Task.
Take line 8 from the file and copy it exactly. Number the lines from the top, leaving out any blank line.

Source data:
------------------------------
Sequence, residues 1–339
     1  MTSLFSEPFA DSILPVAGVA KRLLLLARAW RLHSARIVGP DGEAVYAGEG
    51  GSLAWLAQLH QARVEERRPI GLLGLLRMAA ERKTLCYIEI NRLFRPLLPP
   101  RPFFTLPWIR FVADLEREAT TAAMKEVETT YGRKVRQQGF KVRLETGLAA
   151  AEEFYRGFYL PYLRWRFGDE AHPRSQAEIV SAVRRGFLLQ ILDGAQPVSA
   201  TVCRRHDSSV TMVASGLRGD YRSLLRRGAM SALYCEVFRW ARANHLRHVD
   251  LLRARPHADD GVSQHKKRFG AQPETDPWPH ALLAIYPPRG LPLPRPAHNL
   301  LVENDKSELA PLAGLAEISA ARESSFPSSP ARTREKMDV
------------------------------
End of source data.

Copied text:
   301  LVENDKSELA PLAGLAEISA ARESSFPSSP ARTREKMDV